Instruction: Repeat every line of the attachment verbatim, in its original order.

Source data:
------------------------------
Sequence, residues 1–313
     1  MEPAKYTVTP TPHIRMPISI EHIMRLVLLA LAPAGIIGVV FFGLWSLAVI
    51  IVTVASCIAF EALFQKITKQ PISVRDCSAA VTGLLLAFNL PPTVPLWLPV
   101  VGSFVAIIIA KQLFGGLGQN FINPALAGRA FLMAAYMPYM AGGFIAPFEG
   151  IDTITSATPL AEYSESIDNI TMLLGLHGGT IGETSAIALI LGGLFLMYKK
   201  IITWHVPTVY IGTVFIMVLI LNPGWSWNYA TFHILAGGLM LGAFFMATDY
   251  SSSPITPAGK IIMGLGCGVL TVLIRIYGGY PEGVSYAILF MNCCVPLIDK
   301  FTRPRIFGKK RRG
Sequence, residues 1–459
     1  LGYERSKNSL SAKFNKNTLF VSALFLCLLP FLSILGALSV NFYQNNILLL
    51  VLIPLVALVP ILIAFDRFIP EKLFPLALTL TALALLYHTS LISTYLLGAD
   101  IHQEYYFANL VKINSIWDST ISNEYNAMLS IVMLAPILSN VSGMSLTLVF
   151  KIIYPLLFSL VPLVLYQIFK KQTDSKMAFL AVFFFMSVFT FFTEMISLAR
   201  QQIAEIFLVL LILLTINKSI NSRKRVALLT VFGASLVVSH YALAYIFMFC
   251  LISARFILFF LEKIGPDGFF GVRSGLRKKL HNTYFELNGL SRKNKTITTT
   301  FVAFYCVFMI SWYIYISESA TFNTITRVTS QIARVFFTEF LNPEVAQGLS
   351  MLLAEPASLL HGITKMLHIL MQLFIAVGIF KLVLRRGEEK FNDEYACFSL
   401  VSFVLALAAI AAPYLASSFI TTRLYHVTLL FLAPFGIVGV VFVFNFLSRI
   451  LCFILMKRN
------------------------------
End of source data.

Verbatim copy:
Sequence, residues 1–313
     1  MEPAKYTVTP TPHIRMPISI EHIMRLVLLA LAPAGIIGVV FFGLWSLAVI
    51  IVTVASCIAF EALFQKITKQ PISVRDCSAA VTGLLLAFNL PPTVPLWLPV
   101  VGSFVAIIIA KQLFGGLGQN FINPALAGRA FLMAAYMPYM AGGFIAPFEG
   151  IDTITSATPL AEYSESIDNI TMLLGLHGGT IGETSAIALI LGGLFLMYKK
   201  IITWHVPTVY IGTVFIMVLI LNPGWSWNYA TFHILAGGLM LGAFFMATDY
   251  SSSPITPAGK IIMGLGCGVL TVLIRIYGGY PEGVSYAILF MNCCVPLIDK
   301  FTRPRIFGKK RRG
Sequence, residues 1–459
     1  LGYERSKNSL SAKFNKNTLF VSALFLCLLP FLSILGALSV NFYQNNILLL
    51  VLIPLVALVP ILIAFDRFIP EKLFPLALTL TALALLYHTS LISTYLLGAD
   101  IHQEYYFANL VKINSIWDST ISNEYNAMLS IVMLAPILSN VSGMSLTLVF
   151  KIIYPLLFSL VPLVLYQIFK KQTDSKMAFL AVFFFMSVFT FFTEMISLAR
   201  QQIAEIFLVL LILLTINKSI NSRKRVALLT VFGASLVVSH YALAYIFMFC
   251  LISARFILFF LEKIGPDGFF GVRSGLRKKL HNTYFELNGL SRKNKTITTT
   301  FVAFYCVFMI SWYIYISESA TFNTITRVTS QIARVFFTEF LNPEVAQGLS
   351  MLLAEPASLL HGITKMLHIL MQLFIAVGIF KLVLRRGEEK FNDEYACFSL
   401  VSFVLALAAI AAPYLASSFI TTRLYHVTLL FLAPFGIVGV VFVFNFLSRI
   451  LCFILMKRN